Moving Homes Often in Childhood Might Affect Long-Term
TUESDAY, Feb. 7 (HealthDay News) -- Children who move frequently
may be at greater risk for worse health and psychological distress
later on in life, according to a new study.
Researchers also found kids who changed homes frequently were
more likely to drink heavily and smoke as teens and adults.
In the study, researchers followed 850 people in Scotland aged
15, 35 and 55 over 20 years.
One in five people had lived at the same address throughout
childhood; 59 percent had moved once or twice; and about 21 percent
had moved at least three times.
Children in single-parent homes or those with a stepparent were
more likely to move than others. Families with two or three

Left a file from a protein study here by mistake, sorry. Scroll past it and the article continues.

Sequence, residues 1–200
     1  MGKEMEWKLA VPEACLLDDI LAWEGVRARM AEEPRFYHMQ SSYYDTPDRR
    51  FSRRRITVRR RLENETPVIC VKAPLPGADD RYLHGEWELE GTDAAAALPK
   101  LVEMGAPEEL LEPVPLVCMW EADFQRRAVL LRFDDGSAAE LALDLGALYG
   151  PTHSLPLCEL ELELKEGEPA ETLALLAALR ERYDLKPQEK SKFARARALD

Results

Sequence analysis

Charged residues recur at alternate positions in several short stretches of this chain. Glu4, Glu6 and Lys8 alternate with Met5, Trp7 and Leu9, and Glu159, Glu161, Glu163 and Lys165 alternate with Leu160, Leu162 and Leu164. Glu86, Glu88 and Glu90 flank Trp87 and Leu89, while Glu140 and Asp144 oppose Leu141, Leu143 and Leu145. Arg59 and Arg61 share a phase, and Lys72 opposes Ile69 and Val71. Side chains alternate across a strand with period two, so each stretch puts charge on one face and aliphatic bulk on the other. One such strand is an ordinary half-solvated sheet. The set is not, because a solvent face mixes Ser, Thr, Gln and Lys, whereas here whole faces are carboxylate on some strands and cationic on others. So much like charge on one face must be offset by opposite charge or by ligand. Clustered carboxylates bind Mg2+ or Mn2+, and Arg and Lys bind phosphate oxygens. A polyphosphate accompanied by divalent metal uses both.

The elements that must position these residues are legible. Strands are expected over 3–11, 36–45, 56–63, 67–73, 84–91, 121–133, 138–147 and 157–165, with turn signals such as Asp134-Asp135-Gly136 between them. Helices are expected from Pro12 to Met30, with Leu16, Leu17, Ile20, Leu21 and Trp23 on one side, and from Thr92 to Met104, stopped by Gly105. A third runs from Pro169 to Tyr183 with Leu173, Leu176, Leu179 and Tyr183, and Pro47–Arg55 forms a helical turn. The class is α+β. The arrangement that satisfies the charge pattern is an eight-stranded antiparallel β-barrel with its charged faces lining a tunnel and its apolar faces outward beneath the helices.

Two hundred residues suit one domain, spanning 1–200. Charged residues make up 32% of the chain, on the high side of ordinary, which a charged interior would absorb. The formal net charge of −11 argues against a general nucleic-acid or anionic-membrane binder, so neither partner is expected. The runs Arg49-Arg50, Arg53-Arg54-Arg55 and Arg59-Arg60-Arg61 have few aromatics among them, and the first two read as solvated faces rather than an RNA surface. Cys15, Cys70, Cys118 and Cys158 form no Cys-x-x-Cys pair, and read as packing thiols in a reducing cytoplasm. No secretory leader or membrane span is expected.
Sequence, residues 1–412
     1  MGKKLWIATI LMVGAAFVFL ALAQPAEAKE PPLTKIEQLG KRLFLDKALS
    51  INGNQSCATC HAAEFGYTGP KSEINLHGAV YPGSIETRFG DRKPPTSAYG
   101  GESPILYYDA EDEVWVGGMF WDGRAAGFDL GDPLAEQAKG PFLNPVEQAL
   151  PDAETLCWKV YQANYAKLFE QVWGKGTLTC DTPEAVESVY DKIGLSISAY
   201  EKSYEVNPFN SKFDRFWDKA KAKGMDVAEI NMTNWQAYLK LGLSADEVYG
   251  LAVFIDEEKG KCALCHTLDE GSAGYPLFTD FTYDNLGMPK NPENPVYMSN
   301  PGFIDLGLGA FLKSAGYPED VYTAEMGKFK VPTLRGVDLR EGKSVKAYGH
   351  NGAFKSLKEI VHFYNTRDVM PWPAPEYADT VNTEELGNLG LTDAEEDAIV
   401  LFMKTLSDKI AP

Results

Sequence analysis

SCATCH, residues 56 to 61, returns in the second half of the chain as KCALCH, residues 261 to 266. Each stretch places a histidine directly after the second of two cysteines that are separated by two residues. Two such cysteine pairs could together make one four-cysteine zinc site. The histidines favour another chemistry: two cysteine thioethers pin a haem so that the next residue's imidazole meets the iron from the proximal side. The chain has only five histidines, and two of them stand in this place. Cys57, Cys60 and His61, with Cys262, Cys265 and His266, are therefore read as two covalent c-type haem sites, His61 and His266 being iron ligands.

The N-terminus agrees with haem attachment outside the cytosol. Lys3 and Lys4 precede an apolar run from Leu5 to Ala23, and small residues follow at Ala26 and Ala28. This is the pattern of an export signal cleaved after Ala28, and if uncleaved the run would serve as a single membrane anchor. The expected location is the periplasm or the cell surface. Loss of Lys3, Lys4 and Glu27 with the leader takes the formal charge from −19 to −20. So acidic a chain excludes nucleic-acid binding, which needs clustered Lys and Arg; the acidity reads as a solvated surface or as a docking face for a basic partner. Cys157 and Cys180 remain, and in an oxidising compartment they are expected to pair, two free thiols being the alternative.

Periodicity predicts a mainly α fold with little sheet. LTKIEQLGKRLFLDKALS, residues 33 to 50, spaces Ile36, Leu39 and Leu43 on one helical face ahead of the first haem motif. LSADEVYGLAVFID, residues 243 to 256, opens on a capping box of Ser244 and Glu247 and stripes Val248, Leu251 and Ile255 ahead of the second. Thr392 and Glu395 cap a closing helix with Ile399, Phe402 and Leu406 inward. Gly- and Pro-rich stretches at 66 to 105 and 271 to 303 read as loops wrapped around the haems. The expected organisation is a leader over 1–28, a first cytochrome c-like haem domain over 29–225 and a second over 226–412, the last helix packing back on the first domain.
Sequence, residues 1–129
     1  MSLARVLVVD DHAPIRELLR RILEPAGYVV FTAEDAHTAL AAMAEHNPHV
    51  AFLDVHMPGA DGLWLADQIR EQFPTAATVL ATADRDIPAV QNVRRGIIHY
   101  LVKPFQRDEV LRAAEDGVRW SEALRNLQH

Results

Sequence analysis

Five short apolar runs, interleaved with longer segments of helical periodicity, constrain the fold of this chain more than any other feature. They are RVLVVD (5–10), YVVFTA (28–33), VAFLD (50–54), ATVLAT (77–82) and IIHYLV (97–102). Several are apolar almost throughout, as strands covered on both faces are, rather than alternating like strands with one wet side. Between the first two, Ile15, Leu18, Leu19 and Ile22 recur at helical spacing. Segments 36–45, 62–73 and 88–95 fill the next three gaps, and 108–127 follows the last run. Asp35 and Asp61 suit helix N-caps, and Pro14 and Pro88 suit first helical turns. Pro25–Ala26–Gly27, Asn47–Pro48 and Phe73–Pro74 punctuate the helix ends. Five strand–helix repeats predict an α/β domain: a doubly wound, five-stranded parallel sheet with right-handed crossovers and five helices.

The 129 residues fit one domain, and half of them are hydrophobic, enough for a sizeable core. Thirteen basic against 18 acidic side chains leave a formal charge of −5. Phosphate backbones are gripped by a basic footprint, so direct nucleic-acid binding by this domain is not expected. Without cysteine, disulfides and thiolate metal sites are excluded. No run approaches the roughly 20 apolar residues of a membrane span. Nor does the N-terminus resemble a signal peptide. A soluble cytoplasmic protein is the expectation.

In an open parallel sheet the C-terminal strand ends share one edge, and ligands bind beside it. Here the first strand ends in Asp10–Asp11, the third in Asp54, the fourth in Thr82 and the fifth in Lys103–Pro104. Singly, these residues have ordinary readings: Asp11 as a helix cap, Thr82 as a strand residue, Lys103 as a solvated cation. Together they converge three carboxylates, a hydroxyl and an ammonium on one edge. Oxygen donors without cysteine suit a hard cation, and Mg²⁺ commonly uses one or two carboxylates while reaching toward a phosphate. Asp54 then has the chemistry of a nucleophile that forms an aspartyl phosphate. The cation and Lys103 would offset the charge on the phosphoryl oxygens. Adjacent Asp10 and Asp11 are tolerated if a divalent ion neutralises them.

children were also much more likely to move than families with four
or more kids.
Frequent moves during childhood were associated with an
increased risk of poorer overall health, psychological distress,
and heavy drinking and smoking during adolescence and
The study was published online Feb. 6 in the
Journal of Epidemiology and Community Health.
While the study uncovered an association between being
frequently uprooted and poorer health later on, it did not prove
that the frequent moves were the cause of the poorer health.
The study's authors pointed out in a journal news release that
having to change schools could disrupt children's family or social
lives, which may explain some of the negative effects.
The U.S. National Network for Childcare provides more
information on how to
prepare children for a move.
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